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On $\mathbb R^2-(0,0)$ we define the following equivalence relation: Two points $(x,y)$ and $(x_0,y_0)$ in $\mathbb R^2-(0,0)$ are equivalent if there exists $a\in \mathbb R^*$ such that $$x=ax_0,\; y=ay_0$$

Let $D_{x_0y_0}$ be the line passing through the points $(0,0)$ and $(x_0,y_0)$. Then the equivalence class of $(x_0,y_0)\in \mathbb R^2-(0,0)$ is the set $D_{x_0y_0}-(0,0)$.

My question: I read that $\mathbb RP^1$ is the set of equivalence classes of points $(x,y)\in \mathbb R^2-(0,0)$ and this we just showed is the set of subsets $D_{xy}-(0,0)$. My question is why we say that $\mathbb RP^1$ is the set of lines $D_{xy}$ through the origin instead of saying the set of subsets $D_{xy}-(0,0)$ ?

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There are many definition of $\mathbb{R}P^1$.

The definition you gave above is not the one where $\mathbb{R}P^1$ is the set of lines through the origin. The definition you provide above defined $\mathbb{R}P^1$ as the set of equivalence classes of $\mathbb{R}^2 - \{(0,0)\}$ under the equivalence relation you wrote.

However, your definition and the line-through-origin definition are the same in a very geometric sense. Let $\mathbb{R}P^1$ denote your eqivalence relation definition. Let $L$ denote the line through the origin definition. Let $\Phi : \mathbb{R}P^1 \rightarrow L$ be defined by $[x] \mapsto \mathbb{R} x$, where $\mathbb{R}[x] = \{\alpha x : \alpha \in \mathbb{R}\}$. It is easy to check that $\Phi$ is well-defined and a bijection.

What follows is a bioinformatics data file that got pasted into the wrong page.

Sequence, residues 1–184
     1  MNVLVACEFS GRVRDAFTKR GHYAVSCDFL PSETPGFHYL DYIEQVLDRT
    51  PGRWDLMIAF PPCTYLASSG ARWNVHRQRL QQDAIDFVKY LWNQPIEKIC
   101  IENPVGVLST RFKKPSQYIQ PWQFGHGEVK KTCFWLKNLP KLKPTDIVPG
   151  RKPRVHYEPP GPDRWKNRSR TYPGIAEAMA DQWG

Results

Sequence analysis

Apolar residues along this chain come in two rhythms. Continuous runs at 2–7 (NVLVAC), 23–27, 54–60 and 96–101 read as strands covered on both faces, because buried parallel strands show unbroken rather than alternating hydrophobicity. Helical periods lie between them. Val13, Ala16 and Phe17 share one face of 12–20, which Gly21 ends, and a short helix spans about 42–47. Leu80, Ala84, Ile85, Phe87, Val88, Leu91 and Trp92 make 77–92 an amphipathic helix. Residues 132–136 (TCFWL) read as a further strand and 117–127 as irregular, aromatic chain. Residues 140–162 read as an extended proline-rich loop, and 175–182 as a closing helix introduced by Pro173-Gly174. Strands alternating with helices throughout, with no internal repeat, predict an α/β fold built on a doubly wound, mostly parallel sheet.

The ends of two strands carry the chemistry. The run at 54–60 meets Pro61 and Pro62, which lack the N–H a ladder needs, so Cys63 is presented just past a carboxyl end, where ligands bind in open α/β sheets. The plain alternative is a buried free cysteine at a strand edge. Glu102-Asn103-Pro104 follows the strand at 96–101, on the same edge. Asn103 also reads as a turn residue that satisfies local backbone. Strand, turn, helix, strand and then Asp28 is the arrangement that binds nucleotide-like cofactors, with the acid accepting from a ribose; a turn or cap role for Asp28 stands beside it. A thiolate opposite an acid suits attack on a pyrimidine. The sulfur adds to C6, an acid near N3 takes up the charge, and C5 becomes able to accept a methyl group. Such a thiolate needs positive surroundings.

So the equivalence class definition and the lines through the origin definition are equivalent by a bijection. (In fact if you put some topological structure on the two spaces you even get bijection preserving structure.)

However you are correct, the definition you provided, equivalence classes are not lines. But up to various structure preserving bijection, the two definitions are the same.

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  • $\begingroup$ Dear William, i'm not sure i'm following : in the first paragraph you say they are not the same and in the second you say that they are the same in a very geometric sense!!! I'm confused $\endgroup$ – palio Sep 21 '13 at 12:29
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Your definition actually gives $\mathbb{R}P^1 \cup \{ (0,0) \}$, where $(0,0) \notin \mathbb{R}P^1$ but $(0,0)$ cannot be separated from the points of $\mathbb{R}P^1$. Every open set containing $(0,0)$ contains points in common with every line $D_{x_0y_0}$. This "bad behavior" of the point $(0,0)$ is not desirable (it makes the space non-Hausdorff) and so we typically throw out the origin when defining projective spaces in the way you mentioned (equivalence classes of points under scalar multiplication).

To answer your question about "lines". Well we don't include $(0,0)$ as one of the lines because it isn't a line! Think of each line as a mathematical object (not as a set of points). Then it doesn't so much matter that $(0,0)$ is contained in each line. What matters is that each line is basically regarded as a point in $\mathbb{R}P^1$.

Hope this helps!

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  • $\begingroup$ I edited my question so that my problem would be clearer. Thank you!! $\endgroup$ – palio Sep 21 '13 at 13:16

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